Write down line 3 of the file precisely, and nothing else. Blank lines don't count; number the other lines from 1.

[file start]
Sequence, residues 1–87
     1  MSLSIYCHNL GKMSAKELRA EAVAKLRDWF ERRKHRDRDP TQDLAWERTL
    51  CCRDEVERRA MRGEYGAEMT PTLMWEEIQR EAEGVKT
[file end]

    51  CCRDEVERRA MRGEYGAEMT PTLMWEEIQR EAEGVKT